A graded vesting is a typical vesting schedule that gradually increases the number of unvested shares or units an employee can receive. The most common form of graded vesting is annual, typically occurring over three to five years.
Each year, the employee becomes eligible for an additional portion of the total number of vested shares or units granted. For example, if an employee is granted 1,000 units with a three-year graded vesting schedule, they would be eligible to receive 300 units after the first year, 600 units after the second year, and 300 units after the third year.
Graded vesting schedules are often used in employer-sponsored retirement plans, such as 401(k)s and 403(b)s. However, aside from equity-based pension plans, they can also be used in other employee benefits packages, such as employee stock options plans.
In accelerated vesting, the company allows the employee to vest their stock options or restricted stock units (RSUs) earlier than the expected date. Accelerated vesting usually happens when there's a change in control at the company, such as a merger, acquisition, or IPO, which triggers the employee stock to vest even without following the time based vesting schedule prescribed in the equity-based compensation plan.
In most cases, the accelerated vesting is triggered by job loss. Here, the accelerated vesting benefits the employee because it allows them to keep their equity compensation even if they're no longer with the company.
Furthermore, in the same example, it also benefits the company because it helps retain talent and motivate key employees. Still, it must be noted that accelerated vesting can also be a liability for the company, although good equity management can efficiently address such concerns.
Vesting schedules for stock options are set up in order to provide an incentive for employees to remain with a company for a certain period. The typical vesting schedule is four years, with a one-year cliff.
Vesting schedules for restricted stock units (RSUs) are usually either cliff vesting or graded vesting. Under the cliff vesting, the entire RSU award vests at once on a specified date, unlike stock options that mostly rely on gradual vesting.
On the other hand, with graded vesting, the RSU award vests in installments over time. The main difference between the two types of vesting schedules is when an employee earns the right to exercise their RSUs and purchases them at their exercise price.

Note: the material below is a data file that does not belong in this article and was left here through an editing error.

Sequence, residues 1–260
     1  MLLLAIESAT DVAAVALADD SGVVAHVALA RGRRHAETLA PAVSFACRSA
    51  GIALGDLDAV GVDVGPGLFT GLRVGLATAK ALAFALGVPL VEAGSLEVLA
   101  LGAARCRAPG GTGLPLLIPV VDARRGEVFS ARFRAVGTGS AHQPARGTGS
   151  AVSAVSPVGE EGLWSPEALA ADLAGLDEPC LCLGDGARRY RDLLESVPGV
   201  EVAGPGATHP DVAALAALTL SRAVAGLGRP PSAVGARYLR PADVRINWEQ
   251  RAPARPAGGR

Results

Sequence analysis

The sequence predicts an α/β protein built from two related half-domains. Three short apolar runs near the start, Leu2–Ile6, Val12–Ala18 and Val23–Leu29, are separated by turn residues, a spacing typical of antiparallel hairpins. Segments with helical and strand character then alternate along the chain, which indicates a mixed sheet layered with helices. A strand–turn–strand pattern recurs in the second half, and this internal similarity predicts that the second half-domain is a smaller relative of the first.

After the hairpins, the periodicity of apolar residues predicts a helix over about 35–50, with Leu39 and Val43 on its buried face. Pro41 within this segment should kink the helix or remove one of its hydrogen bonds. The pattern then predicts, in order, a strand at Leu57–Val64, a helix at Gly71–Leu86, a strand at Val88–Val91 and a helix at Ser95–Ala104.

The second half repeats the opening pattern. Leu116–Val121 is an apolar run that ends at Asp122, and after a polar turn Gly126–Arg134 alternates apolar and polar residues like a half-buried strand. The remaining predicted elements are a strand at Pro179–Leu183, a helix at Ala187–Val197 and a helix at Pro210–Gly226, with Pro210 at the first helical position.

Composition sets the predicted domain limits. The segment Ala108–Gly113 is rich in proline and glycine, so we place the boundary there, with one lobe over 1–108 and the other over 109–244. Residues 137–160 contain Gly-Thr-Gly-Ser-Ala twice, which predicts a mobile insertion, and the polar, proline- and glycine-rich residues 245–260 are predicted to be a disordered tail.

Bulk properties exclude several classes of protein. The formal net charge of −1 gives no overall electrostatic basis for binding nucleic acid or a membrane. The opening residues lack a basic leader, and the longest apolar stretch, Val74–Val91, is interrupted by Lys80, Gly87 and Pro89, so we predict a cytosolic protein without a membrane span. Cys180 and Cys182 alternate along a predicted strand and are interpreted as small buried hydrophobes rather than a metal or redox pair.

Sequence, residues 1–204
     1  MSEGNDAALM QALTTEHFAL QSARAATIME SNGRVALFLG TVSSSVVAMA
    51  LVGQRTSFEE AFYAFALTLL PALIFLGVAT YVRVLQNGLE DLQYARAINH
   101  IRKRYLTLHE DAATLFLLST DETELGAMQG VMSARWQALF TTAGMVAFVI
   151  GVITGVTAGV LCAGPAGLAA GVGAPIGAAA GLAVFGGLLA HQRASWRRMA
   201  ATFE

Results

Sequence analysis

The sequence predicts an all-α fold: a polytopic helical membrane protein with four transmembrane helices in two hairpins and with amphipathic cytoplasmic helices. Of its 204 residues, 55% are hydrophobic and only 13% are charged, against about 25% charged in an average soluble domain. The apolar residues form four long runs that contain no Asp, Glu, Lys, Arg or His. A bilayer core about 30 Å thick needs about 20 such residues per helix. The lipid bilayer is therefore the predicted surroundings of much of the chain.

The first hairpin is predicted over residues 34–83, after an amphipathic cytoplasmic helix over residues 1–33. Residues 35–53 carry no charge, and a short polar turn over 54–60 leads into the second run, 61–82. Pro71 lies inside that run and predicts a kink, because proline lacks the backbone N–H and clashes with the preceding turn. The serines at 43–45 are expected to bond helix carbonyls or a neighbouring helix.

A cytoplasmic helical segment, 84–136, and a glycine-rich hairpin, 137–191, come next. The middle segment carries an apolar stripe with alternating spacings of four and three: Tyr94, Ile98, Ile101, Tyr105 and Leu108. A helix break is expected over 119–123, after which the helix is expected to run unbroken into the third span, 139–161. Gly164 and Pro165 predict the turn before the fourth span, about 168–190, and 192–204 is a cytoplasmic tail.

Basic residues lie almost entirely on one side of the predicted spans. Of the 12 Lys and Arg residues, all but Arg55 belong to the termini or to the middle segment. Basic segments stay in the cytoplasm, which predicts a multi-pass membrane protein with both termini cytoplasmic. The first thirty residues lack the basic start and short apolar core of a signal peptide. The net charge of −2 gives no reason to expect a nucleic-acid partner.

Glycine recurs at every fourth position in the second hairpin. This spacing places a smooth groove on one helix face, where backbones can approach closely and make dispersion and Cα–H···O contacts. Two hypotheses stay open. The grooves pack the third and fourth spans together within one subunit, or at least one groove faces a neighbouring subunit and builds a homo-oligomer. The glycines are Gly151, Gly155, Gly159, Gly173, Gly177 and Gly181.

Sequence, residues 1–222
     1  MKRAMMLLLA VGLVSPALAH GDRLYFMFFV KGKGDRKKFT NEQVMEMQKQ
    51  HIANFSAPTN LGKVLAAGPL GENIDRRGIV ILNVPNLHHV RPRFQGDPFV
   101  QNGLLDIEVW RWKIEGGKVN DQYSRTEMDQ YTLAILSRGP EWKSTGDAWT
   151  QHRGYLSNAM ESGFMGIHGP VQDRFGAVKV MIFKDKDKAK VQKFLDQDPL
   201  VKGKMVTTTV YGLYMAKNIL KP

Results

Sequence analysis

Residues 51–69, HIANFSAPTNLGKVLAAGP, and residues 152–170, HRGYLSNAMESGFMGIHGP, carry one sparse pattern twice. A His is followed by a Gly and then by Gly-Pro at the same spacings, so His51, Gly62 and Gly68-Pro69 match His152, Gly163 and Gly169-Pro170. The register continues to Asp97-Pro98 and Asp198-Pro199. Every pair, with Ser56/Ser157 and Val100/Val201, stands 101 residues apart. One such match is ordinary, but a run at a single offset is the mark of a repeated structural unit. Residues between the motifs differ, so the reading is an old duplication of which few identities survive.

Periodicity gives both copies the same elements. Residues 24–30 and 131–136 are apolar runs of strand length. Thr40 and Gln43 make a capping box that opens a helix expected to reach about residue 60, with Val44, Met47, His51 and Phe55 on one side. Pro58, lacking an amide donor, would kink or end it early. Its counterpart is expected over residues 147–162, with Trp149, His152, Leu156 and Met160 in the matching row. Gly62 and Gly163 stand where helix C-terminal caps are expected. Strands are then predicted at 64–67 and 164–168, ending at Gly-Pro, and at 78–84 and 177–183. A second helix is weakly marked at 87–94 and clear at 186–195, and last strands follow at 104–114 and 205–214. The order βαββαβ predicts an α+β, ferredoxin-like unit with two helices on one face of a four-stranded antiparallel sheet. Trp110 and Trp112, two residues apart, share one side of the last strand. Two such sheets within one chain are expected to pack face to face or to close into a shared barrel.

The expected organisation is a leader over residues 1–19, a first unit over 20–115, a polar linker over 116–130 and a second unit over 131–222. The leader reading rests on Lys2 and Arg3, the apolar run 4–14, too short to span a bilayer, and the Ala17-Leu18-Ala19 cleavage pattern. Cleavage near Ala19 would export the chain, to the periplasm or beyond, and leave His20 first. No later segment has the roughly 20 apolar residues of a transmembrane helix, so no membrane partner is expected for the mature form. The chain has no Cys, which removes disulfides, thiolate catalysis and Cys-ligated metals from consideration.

Vesting schedules for RSUs should be designed to align with the company's business goals and objectives. For example, if a company is trying to promote long-term employee retention, a graded vesting schedule may be more appropriate than a cliff vesting schedule.
Alternatively, vesting schedules can also be used to incentivize specific behaviors or performance outcomes, a.k.a. milestone vesting. For example, a company may want to encourage employees to grow with the company for at least three years, so they may require that RSUs be vested in installments over that time.
The good thing about vesting schedules is that they can be customized to meet the needs of both the company and the employee. Hence, it’s essential to get expert advice in choosing the vesting schedule that is mutually beneficial for all parties.
A vesting agreement is a contract between an employer and an employee that outlines the conditions under which the employee will vest or become entitled to company stock or other benefits. This should include a vesting schedule outlining how and when the shares vest. It should also specify the vesting price at which shares may be sold or transferred.
In addition, the agreement should identify any restrictions on the sale or transfer of shares and set out the procedure for vesting in case of a change in control of the company. By including these essential elements, a vesting agreement can help to ensure that all parties involved in a shareholder arrangement are protected.
If you are considering entering a vesting agreement, it is essential to consult with an experienced attorney who can help you understand your options and ensure that your agreement is properly executed.
Alternatively, you can look into Upstock’s straightforward and no-nonsense compensation solutions that highlight the all-encompassing benefits your company can enjoy while similarly improving talent acquisition and retention. Should you need further information, our lines are open to answer any inquiries that will hopefully convince you to try our offerings.